As with a diesel engine, a fuel cell can be operated in different modes. These would include, for example, a high power mode, an idling mode, a maximum fuel efficiency mode and an optimized lifetime mode. These modes may be specified and applied by specifying an operating point on a fuel cell performance chart such as shown in FIG. 23.

FIG. 23 illustrates a typical voltage-current plot for a fuel cell with voltage 2301 on the left-side y-axis and current 2302 on the x-axis. Power 2303 is shown along the right-side y-axis. The volt-ampere curve 2304 illustrates that output voltage drops as output current is increased. The power-ampere curve 2305 shows how power increases to a maximum and then declines with a further increase in output current. As can be seen from FIG. 23, power can be traded off for higher operating efficiency. Fuel cell efficiency is typically high (in the range of about 70% to 80% when current is low) and decreases with increasing output current. The curves shown in FIG. 23 are for a constant fuel injection pressure. Thus a fuel cell efficiency map can be constructed by measuring output voltages and their corresponding output currents for different fuel injection pressures.

The output power range for fuel cell power plants can be in the range of about 50 kW to 1,000 kW and therefore a locomotive power system can be comprised of several internal combustion engines, several fuel cell power plants or a combination of internal combustion engines and fuel cell power plants (typically a total number of prime power systems in the range of 2 to about 10). The general control system for any of these is the same. Measure the current output of each power plant system to a common DC bus operated at a selected voltage. Utilize the measured power (output current times DC bus voltage) power to adjust either or both of a mechanical parameter of the power plant and an electrical parameter of the energy conversion device to obtain the desired power output in the desired operating mode.

A number of variations and modifications of the invention can be used. As will be appreciated, it would be possible to provide for some features of the invention without providing others. For example, in one alternative embodiment, the various inventive features are applied to vehicles other than locomotives, such as cars, railroad cars, and trucks. The control logic set forth above may be implemented as a logic circuit, software, or as a combination of the two.

The present invention, in various embodiments, includes components, methods, processes, systems and/or apparatus substantially as depicted and described herein, including various embodiments, sub-combinations, and subsets thereof. Those of skill in the art will understand how to make and use the present invention after understanding the present disclosure. The present invention, in various embodiments, includes providing devices and processes in the absence of items not depicted and/or described herein or in various embodiments hereof, including in the absence of such items as may have been used in previous devices or processes, for example for improving performance, achieving ease and/or reducing cost of implementation.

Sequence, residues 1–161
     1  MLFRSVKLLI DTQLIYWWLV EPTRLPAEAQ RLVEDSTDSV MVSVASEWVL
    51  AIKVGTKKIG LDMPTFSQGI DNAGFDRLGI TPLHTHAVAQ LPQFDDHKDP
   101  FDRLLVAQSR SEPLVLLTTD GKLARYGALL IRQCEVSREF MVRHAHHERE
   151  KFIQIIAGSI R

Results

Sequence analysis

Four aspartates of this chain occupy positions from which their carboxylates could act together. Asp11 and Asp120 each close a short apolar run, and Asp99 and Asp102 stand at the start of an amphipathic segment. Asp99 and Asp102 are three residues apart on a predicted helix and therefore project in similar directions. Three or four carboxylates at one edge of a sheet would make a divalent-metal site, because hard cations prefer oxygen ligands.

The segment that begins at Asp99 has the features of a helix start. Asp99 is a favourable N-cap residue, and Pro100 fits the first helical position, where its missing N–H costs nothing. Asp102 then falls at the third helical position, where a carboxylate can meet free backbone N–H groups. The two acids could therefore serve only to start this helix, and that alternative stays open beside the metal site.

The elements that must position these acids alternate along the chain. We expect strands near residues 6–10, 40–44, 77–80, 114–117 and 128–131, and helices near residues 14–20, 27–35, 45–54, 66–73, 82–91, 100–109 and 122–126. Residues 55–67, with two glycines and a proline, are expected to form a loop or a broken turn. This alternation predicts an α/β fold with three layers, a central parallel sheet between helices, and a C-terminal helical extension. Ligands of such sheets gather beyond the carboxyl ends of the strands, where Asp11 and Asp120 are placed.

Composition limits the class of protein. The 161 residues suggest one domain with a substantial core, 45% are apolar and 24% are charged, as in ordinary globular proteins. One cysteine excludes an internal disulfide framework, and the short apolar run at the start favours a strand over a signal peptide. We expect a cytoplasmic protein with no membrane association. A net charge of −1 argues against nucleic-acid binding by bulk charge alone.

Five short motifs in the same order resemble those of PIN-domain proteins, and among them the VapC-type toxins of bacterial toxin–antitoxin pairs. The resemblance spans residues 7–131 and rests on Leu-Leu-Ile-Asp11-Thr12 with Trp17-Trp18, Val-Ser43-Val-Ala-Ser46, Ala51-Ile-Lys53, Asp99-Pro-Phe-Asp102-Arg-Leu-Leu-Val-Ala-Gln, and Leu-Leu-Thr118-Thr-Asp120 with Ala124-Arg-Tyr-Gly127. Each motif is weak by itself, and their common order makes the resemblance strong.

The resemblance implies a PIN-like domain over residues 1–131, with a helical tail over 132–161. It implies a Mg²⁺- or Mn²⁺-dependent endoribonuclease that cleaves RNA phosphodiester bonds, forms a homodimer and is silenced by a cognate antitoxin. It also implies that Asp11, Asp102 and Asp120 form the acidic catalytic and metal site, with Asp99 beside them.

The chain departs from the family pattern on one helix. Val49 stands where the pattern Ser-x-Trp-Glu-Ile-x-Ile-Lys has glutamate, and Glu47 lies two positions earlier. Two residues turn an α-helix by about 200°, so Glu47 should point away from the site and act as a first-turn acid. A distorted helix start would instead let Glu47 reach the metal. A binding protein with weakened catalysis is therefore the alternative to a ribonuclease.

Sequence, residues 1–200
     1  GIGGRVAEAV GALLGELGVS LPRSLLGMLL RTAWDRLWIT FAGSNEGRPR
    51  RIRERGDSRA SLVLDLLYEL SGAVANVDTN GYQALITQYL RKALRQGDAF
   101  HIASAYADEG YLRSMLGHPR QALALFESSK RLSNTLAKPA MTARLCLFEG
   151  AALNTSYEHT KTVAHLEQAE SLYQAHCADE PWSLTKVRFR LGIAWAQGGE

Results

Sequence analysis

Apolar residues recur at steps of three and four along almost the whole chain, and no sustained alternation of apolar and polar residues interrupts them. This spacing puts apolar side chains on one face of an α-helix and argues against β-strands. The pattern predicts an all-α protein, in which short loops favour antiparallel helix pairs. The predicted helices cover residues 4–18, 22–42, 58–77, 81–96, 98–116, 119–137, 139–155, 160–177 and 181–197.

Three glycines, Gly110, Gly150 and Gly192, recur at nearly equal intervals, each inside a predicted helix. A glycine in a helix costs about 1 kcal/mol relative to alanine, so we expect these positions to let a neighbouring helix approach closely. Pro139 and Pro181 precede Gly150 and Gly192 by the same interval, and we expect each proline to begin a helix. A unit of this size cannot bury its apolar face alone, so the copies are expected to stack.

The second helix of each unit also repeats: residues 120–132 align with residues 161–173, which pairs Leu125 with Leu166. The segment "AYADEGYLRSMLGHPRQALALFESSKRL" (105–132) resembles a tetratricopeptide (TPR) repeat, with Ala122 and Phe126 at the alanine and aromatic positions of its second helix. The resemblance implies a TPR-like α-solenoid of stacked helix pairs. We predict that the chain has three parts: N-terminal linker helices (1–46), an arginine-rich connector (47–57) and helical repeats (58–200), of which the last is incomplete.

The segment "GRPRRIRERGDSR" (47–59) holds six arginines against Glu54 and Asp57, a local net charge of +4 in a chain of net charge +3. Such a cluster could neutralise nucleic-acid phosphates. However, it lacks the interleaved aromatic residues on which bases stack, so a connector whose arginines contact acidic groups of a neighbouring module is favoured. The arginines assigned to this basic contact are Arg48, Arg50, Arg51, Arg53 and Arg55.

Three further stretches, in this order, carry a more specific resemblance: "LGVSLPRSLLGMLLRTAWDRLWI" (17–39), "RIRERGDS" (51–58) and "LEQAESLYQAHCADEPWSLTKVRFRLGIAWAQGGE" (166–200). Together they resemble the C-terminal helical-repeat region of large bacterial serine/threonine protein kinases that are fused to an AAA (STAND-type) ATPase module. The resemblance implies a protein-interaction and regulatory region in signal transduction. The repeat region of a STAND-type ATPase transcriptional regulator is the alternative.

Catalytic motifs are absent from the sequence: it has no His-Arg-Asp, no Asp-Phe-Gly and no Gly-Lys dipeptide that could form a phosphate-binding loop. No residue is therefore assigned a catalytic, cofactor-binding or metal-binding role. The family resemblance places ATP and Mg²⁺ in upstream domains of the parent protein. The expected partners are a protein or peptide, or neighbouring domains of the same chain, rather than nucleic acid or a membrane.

The foregoing discussion of the invention has been presented for purposes of illustration and description. The foregoing is not intended to limit the invention to the form or forms disclosed herein. In the foregoing Detailed Description for example, various features of the invention are grouped together in one or more embodiments for the purpose of streamlining the disclosure. This method of disclosure is not to be interpreted as reflecting an intention that the claimed invention requires more features than are expressly recited in each claim. Rather, as the following claims reflect, inventive aspects lie in less than all features of a single foregoing disclosed embodiment. Thus, the following claims are hereby incorporated into this Detailed Description, with each claim standing on its own as a separate preferred embodiment of the invention.

Moreover though the description of the invention has included description of one or more embodiments and certain variations and modifications, other variations and modifications are within the scope of the invention, e.g., as may be within the skill and knowledge of those in the art, after understanding the present disclosure. It is intended to obtain rights which include alternative embodiments to the extent permitted, including alternate, interchangeable and/or equivalent structures, functions, ranges or steps to those claimed, whether or not such alternate, interchangeable and/or equivalent structures, functions, ranges or steps are disclosed herein, and without intending to publicly dedicate any patentable subject matter.

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Classifications
U.S. Classification290/40.00C, 290/1.00A, 290/1.00R, 322/16, 290/52, 290/40.00B
International ClassificationH02P9/04
Cooperative ClassificationB60L2220/14, B60L9/00, H02P25/16, F02N11/04, Y02T10/7022, B60L2260/167, B61C7/04, F02D25/04, B60L9/16, Y02T10/7258, B60L2220/18, Y02T10/6217, B60L2200/26, Y02T10/7027, B60L11/12, B60L7/06, B60L2260/165, B60L7/22, H02P2201/09, F02D29/06, Y02T30/16, H02P9/305, B60L11/123, B60L11/005, B60L11/16, B60L7/14, H02M2003/1552, F02N7/10, B60L2220/12
European ClassificationB60L9/00, B60L7/22, B60L9/16, F02N11/04, B60L7/06, B60L11/16, B60L11/12D, H02P25/16, B60L7/14, F02N7/10, H02P9/30D, B60L11/00B2, B60L11/12, B61C7/04